decreases in membership from 2009 to 2010 (Lindner, 2011).
Furthermore, according to the Pew Forum on Religion and
Public Life’s (2011) “U.S. Religious Landscape Survey,” 44%
of adults have either switched religious affiliation, moved from
being unaffiliated with any religion to being affiliated with a par-
ticular faith, or dropped any connection to a specific religious
tradition altogether. They also found that one in four Americans
between the age of 18 and 29 say they are not affiliated with any
particular religion.
Address correspondence to William Wagner, Center for the Study
of Church Management, Villanova University, 800 Lancaster Ave,
Villanova, PA 19085, USA. E-mail:
One study has shown that the web site is the first place
that many people look when searching for a place of worship
(Goodmanson, 2009), whether they have moved to a new city or
they are considering changing churches. It is especially true for
younger members, many of whom would never visit a church
without first having viewed its web site to determine if it is a
place where they could be comfortable. Web site features such
as videos or podcasts of services could be effective in providing
this information. A church has only one chance to make a first
impression, and for many, that first impression is through their
web site. One researcher has also called for more research on
the ways that different churches use or “spiritualise the Internet”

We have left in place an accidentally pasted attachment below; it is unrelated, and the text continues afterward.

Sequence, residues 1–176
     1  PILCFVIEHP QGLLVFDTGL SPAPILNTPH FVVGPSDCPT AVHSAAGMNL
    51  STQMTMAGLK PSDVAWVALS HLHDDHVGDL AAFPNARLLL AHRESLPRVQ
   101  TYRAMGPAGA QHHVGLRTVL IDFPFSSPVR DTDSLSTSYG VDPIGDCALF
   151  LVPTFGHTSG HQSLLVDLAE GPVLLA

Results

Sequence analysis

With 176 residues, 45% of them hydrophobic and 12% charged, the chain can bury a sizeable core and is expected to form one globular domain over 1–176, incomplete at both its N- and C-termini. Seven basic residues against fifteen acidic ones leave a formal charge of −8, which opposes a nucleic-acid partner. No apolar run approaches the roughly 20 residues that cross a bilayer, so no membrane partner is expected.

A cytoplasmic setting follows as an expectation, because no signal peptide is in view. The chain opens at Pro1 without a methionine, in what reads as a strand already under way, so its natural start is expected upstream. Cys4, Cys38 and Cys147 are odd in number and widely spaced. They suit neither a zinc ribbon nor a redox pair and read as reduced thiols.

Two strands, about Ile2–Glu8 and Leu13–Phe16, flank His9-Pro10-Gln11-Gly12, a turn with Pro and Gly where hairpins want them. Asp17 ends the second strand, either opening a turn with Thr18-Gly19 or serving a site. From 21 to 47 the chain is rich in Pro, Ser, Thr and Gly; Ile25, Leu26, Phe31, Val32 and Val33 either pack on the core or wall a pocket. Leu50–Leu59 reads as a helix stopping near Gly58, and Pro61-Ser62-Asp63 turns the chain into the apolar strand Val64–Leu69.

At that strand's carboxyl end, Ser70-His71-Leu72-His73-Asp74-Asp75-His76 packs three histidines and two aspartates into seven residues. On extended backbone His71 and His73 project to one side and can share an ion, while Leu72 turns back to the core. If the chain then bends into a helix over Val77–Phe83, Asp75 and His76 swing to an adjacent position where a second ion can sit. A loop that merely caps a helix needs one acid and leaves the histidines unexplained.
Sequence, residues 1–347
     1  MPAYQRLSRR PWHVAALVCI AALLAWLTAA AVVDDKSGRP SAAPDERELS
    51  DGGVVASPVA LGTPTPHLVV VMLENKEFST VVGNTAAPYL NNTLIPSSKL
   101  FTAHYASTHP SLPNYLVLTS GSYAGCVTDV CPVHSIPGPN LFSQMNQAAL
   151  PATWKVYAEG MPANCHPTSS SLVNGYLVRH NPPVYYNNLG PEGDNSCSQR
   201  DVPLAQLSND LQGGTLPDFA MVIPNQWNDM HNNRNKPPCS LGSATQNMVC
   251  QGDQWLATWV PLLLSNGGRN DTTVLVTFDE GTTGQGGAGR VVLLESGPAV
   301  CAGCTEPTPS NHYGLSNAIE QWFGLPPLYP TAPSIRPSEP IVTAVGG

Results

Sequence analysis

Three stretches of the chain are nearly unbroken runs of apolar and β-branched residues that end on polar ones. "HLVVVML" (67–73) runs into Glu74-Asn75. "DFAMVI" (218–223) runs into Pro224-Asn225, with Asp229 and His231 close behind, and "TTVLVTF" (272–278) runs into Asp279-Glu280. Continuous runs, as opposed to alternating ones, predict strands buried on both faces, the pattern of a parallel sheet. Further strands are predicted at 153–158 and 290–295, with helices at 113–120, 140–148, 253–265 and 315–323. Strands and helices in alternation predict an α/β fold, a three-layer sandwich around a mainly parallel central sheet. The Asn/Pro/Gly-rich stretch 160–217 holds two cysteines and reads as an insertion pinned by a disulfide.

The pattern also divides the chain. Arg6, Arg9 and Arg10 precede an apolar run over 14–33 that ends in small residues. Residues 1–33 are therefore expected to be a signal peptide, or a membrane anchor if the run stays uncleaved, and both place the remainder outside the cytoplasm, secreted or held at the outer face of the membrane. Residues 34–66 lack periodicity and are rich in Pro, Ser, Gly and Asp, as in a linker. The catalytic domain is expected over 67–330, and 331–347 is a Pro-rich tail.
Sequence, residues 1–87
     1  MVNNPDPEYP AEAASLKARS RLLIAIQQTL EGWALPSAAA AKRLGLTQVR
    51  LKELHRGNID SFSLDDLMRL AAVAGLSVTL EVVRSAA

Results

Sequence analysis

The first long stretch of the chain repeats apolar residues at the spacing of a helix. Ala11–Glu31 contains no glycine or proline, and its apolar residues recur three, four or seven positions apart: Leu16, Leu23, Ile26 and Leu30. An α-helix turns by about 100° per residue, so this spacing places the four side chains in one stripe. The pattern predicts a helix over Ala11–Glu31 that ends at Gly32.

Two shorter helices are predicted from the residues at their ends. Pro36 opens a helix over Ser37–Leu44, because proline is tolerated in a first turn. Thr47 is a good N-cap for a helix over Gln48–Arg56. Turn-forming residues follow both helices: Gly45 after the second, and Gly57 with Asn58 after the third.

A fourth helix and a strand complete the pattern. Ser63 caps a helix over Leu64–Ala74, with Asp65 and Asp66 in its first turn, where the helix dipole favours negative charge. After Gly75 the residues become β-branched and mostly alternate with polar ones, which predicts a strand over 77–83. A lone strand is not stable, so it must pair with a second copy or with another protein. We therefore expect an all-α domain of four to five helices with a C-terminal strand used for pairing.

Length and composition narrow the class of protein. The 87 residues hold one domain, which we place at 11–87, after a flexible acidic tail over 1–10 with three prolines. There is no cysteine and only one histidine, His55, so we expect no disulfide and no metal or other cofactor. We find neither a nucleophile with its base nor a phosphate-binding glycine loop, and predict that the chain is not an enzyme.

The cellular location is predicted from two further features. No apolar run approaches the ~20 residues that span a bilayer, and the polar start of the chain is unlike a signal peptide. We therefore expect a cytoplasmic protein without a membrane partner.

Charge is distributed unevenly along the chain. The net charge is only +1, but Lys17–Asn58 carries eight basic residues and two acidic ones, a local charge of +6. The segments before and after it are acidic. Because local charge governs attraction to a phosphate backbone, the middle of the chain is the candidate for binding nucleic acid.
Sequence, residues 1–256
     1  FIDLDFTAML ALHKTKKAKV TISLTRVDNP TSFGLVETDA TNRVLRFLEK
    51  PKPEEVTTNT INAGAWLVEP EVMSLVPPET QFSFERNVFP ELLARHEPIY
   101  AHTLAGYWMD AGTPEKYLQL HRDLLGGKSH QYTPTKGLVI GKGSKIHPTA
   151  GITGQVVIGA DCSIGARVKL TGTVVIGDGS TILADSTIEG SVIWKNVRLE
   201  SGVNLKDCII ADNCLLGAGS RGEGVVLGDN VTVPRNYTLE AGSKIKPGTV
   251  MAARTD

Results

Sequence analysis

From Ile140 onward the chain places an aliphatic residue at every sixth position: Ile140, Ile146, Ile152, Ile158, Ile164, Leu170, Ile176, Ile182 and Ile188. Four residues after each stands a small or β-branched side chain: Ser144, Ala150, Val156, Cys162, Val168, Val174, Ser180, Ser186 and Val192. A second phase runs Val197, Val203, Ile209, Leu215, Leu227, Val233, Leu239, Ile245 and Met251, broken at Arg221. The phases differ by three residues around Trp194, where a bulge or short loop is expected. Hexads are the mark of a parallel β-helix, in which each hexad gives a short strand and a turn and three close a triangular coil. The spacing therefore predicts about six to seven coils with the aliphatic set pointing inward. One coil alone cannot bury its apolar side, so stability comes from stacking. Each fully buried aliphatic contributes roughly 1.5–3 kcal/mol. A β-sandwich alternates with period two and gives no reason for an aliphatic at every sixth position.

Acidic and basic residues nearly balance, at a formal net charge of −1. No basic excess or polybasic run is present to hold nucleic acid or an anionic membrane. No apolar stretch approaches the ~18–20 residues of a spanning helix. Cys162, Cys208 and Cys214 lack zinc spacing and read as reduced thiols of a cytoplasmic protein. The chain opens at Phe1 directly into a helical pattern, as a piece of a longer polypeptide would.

(Campbell, 2005).
Just as in business, the church web site serves as a “front
page” for the church, providing important factual information,
such as schedules and directions. But it can be much more than
that. The web site can serve as a window into the heart of a
church. It provides the church with an opportunity to express its
values and culture. A web site can be a tool for communicating
a church’s vision. It can reflect the core of who they are and
what they are about.
Most churches have a web presence of some kind (Barna
Group, 2008). Unfortunately, a large number of them fail to
reach their potential. Often, a church creates a web site in
response to the social pressure to establish a presence on the
internet. Too often, the web site is nothing more than a glori-
fied Sunday bulletin. Little effort is made to engage the online
When done well, a church web site can serve as an exten-
sion of the church’s office. This is particularly useful when a
church has grown to a certain size and needs to find ways to
care for the needs of its members while easing the burden on
the staff. An effective web site can facilitate communication,
collaboration, and delegation. It can offer online services such
as event promotion and registration, prayer request submissions,
targeted e-mail distribution, and much more. Of course, for all
its potential benefits, it needs to be emphasized that a church
web site can never be a substitute for face-to-face contact at
both worship service and fellowship activities.
One issue that churches must address in creating web sites
is the recognition that the web site needs to serve multiple
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audiences. The web site can be an important tool for facilitat-
ing communication with current members. It also needs to be
an evangelization tool and be regarded as inviting by potential